The alternatives are many, but only one fits (almost) all the requirements. First, as outlined above, the app must give the user granular control over conversations in which they participate, and the way they’re notified. Second, it must be cross-platform with native apps for all the biggies. There’s just no arguing that we live in a multi-platform world and that’s never going to change. And finally, it needs to be ubiquitous enough among my peer group to make it useful. I know that networks take time to build, and that the best service out there may be new and obscure, but I just don’t have the time or inclination in this case to wait for anyone to play catch-up. Messaging is a utility product that needs to help me communicate better and not add frustration to my life.
The obvious contenders would be Skype (owned by Microsoft), Google Talk, Facebook Messenger, TextPlus, GroupMe (owned by Skype, therefore by Microsoft), WhatsApp, Samsung’s cross-platform ChatOn, and Kik. Skype is just a terrible interface, and utterly unreliable. Plus, the fact that Microsoft now owns it removes all faith that I have in its future evolution. TextPlus, GroupMe, WhatsApp, Kik, and ChatOn, for all their design and feature wonderment – or in some cases lack thereof – can be lumped together as lacking the critical mass to be a universal solution. Finally, Google Talk is fairly pervasive among modern Web users, but without a native iOS app, is unfortunately disqualified. Google+ Messenger is lurking in the shadows somewhere, but inexplicably it’s not connected to Google Chat, and as it is, no one really uses the new service.
Given the above criteria, as much as I hate to admit it, Facebook Messenger rules the day. With more than 1 billion users worldwide, nearly everyone you’d ever want to communicate with already has a profile on the social network. In most cases – personal privacy and security settings permitting – you can message them even if you’re not already “friends.” Thanks to a recent update, Android users (and soon iOS) can sign up for Messenger only accounts, without having to have profiles on the full social network. Chatting is possible through the full blown desktop website, via the full Facebook mobile app, and through native single-purpose Messenger apps on all platforms that matter. The app also allows users to manage conversation-specific notifications, leave conversations, add (but not remove) people to an existing conversation, see “read notifications” for all participants, assign names to individual conversations for organization, and do all the basics of sending photos and inserting emoji.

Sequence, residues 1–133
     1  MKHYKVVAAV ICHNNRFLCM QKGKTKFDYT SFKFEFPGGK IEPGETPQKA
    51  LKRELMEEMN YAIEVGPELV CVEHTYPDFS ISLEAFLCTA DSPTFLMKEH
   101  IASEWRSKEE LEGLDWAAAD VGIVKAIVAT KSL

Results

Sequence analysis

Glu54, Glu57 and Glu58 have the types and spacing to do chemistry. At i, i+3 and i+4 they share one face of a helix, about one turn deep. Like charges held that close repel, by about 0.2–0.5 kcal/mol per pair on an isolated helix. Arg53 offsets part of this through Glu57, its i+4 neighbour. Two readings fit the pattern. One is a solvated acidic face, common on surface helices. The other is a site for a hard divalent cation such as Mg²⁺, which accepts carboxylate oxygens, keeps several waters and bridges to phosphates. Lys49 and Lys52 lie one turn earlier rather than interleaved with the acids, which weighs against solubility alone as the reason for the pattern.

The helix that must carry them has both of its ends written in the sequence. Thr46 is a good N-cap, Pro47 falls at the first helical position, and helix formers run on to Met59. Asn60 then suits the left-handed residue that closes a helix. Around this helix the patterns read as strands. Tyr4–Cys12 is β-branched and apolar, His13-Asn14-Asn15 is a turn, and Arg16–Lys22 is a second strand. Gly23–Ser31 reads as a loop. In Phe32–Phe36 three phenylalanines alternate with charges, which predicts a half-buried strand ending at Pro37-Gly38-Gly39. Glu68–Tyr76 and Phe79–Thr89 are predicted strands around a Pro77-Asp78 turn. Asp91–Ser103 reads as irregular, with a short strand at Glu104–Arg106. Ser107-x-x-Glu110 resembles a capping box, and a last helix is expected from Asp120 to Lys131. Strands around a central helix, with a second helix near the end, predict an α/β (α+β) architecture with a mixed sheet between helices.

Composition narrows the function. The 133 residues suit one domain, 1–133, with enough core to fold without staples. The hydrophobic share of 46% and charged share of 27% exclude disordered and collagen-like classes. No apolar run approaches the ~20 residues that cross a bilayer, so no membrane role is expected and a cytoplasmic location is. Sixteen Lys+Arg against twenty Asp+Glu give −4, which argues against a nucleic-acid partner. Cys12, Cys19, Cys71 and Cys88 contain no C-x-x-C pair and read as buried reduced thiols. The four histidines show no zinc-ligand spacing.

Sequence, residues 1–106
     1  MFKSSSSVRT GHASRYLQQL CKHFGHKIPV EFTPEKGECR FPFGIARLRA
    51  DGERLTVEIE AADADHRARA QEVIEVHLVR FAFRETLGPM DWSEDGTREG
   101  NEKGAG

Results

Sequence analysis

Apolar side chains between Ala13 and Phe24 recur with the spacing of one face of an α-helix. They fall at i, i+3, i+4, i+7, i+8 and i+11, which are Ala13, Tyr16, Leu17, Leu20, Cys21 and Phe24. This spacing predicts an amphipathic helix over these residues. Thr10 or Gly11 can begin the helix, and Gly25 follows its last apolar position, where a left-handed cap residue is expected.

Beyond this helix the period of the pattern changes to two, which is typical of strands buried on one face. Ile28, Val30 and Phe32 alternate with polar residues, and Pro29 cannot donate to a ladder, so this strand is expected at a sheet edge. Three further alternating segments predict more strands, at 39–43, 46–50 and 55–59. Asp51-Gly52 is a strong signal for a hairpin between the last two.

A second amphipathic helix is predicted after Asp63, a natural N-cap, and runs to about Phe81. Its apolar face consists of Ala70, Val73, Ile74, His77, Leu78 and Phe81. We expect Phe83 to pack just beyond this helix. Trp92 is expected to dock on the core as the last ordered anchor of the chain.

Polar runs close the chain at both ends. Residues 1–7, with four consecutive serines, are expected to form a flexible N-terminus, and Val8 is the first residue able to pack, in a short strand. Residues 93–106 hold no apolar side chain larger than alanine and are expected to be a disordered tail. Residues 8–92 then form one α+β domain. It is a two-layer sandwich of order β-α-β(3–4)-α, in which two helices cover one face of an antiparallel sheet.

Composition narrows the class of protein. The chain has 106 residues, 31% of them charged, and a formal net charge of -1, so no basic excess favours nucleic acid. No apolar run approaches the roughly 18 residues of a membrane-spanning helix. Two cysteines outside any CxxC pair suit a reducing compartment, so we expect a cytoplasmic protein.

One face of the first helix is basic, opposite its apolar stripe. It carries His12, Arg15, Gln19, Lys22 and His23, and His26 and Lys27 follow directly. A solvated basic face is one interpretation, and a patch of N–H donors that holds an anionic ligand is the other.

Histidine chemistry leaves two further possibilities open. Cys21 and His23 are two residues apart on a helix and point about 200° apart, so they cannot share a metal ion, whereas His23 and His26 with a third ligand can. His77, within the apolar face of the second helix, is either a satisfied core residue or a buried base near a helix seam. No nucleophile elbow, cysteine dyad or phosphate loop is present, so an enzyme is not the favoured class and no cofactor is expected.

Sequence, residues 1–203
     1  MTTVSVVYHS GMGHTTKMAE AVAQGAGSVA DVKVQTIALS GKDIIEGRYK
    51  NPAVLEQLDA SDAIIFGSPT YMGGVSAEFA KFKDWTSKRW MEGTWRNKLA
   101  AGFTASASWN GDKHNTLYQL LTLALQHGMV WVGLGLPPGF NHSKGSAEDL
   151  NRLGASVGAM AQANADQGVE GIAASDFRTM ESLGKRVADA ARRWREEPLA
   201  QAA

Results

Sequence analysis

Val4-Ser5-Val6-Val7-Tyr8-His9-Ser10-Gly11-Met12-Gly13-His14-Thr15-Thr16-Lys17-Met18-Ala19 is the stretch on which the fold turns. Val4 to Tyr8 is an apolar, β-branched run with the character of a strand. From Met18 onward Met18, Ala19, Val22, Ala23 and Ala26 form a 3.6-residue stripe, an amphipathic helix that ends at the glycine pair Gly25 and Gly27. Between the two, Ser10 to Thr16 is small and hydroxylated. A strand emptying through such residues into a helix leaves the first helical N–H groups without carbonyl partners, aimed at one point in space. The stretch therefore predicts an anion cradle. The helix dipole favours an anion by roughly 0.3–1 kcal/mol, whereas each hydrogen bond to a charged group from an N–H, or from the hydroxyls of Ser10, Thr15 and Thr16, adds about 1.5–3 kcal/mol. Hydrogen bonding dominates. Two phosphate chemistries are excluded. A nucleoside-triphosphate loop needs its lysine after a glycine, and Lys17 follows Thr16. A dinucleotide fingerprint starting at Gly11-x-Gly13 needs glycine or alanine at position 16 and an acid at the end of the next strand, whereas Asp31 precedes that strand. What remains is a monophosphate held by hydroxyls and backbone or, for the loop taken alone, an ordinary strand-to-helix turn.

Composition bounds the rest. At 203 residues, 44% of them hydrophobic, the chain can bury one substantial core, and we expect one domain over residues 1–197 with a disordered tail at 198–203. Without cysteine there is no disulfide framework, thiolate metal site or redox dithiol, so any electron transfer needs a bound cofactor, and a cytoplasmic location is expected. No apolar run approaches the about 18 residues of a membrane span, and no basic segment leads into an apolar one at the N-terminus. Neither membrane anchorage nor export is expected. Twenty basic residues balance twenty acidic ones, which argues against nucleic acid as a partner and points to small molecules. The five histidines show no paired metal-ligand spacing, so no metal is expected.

Many people are likely to take issue with Facebook being their primary messaging platform, especially in even semi-professional use cases. I’ll concede, that at least currently, messaging on Facebook feels somewhat inappropriate in certain cases. But given the lack of equally full-featured and well positioned alternatives, it offers the very best option I’m aware of.
Besides, I’ve already given in to the idea that it’s not worth the effort to keep parts of my life “hidden” from Facebook (the company, in this case, not other users on the network). As Robert Scoble argued in response to a Quora question about the pervasiveness of Facebook Authentication within unrelated apps, “We are heading into an age of predictive services based on our identity…Apps that use this data to enrich my life ARE highly wanted. Can’t wait to see more!” With that in mind, I’m okay with Facebook owning my group chat activity.
So Apple, you see where the bar is set in group messaging. There’s literally no reason why you shouldn’t absolutely own this, at least among your hundreds of millions of active iOS users worldwide. Facebook is your partner, as indicated by its system-level integration into the latest version of iOS, but you can’t be happy to lose out on another social battleground. This isn’t tee ball, and there are no trophies just for showing up.